Mandy Miles, the veteran reporter at The Key West Citizen, writes a Sunday column in the newspaper that recounts what she sees and hears around the island city.
Each week, this energetic and expressive woman tracks the unique aspects of life in Key West in her column, "Tan Lines."
For instance, I love how she captures what happens when fall arrives, the temperatures cool, and we shut off our air conditioners. Without the hum of her air conditioner to block the sounds of the night, Miles writes this:
"... I now hear everyone traversing Simonton Street between 1 and 4 a.m.
The guy with the Boston accent was convinced the 'Bahs' in Key West stay open until 4 a.m. and could not understand why the duo was already heading back to the room."
"And the woman locked out of the guesthouse across the street decided to use her God-given talent of whistling through two fingers to get the attention of her friends or the management."
Miles also reveals that she worries whether putting her own sunglasses into her purse while in a drug store will cause the management to think she's stealing a pair from the store's shelves.
And this jewel: "Am I the only one who thinks driving sidesaddle on a scooter is absurd?"
After pounding the hell out of her bed when she jammed and bloodied her toe on its metal frame, "The old jingle for Band-Aids was running through my head ... as I affixed one of them to my toe."
This is not to mean she's crazy. She's not, at least not in a negative way. She just has a gift for capturing what makes us human, as well as what makes Key West dig itself into our hearts.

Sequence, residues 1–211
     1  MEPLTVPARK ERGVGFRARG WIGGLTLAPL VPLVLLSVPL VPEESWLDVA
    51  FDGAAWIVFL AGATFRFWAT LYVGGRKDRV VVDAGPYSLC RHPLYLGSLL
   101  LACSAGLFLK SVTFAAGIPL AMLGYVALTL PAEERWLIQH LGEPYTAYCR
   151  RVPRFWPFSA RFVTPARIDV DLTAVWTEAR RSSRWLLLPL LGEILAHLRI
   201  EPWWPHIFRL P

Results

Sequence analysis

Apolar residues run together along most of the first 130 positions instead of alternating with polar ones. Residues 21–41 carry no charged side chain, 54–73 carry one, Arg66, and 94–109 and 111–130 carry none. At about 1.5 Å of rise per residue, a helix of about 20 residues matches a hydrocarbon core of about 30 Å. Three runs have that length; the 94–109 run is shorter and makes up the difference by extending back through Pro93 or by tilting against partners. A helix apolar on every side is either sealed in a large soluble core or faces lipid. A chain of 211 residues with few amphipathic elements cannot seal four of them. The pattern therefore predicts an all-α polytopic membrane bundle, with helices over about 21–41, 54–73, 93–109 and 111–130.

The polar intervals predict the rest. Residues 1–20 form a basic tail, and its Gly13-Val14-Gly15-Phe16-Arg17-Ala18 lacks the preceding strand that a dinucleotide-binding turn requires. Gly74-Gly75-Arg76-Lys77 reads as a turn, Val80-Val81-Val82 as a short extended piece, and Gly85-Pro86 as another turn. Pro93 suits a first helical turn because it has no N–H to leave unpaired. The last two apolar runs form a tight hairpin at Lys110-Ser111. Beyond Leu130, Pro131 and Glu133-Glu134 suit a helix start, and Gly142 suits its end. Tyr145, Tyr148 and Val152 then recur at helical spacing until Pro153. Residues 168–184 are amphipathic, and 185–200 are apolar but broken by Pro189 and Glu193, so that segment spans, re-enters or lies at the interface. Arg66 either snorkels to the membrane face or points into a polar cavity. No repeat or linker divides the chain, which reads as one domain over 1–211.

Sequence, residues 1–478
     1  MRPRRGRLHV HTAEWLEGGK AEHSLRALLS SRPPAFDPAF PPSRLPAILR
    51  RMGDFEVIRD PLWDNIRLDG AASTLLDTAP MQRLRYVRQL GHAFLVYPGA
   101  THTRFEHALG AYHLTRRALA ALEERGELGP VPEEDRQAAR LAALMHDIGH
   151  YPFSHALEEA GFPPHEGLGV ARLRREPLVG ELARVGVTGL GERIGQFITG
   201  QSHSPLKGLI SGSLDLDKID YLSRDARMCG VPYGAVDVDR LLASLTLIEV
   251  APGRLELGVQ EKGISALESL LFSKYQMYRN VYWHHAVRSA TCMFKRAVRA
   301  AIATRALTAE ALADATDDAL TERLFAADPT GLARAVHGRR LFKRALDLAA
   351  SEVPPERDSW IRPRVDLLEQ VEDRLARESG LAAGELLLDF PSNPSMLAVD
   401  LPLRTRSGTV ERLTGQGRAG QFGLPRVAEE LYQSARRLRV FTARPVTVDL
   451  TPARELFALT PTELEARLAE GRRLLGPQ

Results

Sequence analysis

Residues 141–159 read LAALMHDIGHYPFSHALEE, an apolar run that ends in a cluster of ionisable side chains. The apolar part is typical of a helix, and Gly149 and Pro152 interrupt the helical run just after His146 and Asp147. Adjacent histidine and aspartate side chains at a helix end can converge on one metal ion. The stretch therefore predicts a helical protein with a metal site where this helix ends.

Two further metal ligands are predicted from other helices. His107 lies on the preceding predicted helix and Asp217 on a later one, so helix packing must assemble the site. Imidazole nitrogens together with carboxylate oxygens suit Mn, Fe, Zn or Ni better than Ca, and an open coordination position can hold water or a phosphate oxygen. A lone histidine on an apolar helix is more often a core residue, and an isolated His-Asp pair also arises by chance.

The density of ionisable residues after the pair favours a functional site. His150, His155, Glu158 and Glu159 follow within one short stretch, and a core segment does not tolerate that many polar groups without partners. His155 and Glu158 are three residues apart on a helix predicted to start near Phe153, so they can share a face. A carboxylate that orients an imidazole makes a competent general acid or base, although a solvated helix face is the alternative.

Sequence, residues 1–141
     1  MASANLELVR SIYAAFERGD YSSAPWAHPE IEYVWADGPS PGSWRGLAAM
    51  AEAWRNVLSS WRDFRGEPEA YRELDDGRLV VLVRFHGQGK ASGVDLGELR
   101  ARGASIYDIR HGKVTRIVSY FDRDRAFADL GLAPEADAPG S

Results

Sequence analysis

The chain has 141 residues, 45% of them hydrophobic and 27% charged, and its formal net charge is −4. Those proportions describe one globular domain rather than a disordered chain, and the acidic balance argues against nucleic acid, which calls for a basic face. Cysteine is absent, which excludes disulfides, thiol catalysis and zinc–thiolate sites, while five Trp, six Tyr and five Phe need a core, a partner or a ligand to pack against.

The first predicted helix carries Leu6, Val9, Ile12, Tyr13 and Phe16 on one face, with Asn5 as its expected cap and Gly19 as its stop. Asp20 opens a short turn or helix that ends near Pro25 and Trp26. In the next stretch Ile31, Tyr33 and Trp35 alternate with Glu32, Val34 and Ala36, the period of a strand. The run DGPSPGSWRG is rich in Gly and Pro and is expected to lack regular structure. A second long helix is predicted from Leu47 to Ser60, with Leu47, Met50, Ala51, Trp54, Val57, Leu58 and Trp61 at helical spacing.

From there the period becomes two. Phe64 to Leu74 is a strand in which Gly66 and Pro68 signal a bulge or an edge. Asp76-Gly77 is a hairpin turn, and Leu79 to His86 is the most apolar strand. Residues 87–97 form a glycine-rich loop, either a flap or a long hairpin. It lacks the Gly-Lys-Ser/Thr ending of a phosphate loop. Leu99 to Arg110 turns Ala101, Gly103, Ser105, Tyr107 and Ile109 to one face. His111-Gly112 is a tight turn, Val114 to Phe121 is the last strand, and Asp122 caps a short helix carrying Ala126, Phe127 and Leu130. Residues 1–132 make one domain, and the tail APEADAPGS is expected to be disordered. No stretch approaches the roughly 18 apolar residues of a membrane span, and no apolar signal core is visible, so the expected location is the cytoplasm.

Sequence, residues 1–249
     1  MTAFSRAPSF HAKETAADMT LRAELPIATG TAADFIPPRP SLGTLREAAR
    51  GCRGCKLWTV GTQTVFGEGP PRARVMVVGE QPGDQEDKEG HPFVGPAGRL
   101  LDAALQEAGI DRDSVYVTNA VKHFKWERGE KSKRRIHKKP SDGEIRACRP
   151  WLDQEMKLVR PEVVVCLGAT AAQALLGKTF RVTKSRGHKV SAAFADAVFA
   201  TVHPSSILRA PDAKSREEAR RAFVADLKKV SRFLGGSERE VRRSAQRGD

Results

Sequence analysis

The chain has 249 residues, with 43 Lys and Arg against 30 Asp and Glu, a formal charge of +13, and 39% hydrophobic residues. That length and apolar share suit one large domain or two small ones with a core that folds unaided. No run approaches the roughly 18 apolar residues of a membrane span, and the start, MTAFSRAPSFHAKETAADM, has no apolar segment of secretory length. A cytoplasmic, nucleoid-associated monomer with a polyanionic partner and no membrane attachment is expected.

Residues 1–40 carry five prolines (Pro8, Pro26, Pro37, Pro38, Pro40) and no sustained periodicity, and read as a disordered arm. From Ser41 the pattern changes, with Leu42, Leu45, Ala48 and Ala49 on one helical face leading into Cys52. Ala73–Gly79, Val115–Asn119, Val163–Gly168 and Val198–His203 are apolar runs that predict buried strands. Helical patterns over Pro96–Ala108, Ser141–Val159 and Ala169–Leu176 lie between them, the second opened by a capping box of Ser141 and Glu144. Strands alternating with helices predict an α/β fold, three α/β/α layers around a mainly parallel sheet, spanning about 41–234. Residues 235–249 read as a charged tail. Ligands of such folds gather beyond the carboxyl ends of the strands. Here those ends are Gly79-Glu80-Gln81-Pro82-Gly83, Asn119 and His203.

Mandy has just published the second collection of her columns called "Only in Key West" and I heartily recommend it. The writing is crisp and following her thought processes is like sitting down with a friend and listening to a string of stories that leave you thinking, "I am not the only one who thinks like this. That's a relief."
In this book, for instance, she writes of adopting a cat that in fact, had adopted her and Stan, her real-deal fishing captain husband with a heart of gold.
"I had no idea a cat could look disappointed.
"I swear I saw the one who lives at our house sigh and shake his head last week when I opened the door and saw him in his usual spot on the deck. Stan, on the other hand, is greeted with happy prancing, head rubs against his legs and a look that can only be described as awe every time he opens the back door."
(Note to Mandy: I think it's because Stan works around fishing boats and bait. My cat did the same thing when I worked at the marina. Now, she doesn't even stand up when I get home).
Not to say her columns are without a message. Her books serve as historical accounts, capturing the times we all share. Such as the unraveling of the AIDS quilt down the length of Duval Street or the mood of the island in the days after the World Trade Center and Pentagon attacks on Sept. 11, 2001.
Readers will remember how impossible it was to drop or pick someone up at the new, multi-million airport out on the boulevard. Traffic cops forbid anyone to stop long enough to pick up passengers, making it difficult for families with babies and luggage or elderly or infirm people to get picked up in cars belonging to friends and family. Mandy wrote about the impossibility of the situation and the airport got lots of calls to fix the problem and it did so.
"Only in Key West" and "Tan Lines" are worth buying, especially as Christmas gifts. Not only will you be supporting a Key West author who doesn't have a look-alike contest to honor her or a history of bizarre public behavior to help her sell books, you'll laugh at the little details that explain life on this packed island.
When I pull one of her books off the shelf and read her accounts, I smile and realize how lucky we are to have someone who sees the lightness of being in Key West and I value her as someone who can show me that life need not be so serious.
She can be reached at firstname.lastname@example.org. "Tan Lines" and "Only in Key West" are available on Amazon.com and are on sale at Key West Island Books at 513 Fleming St.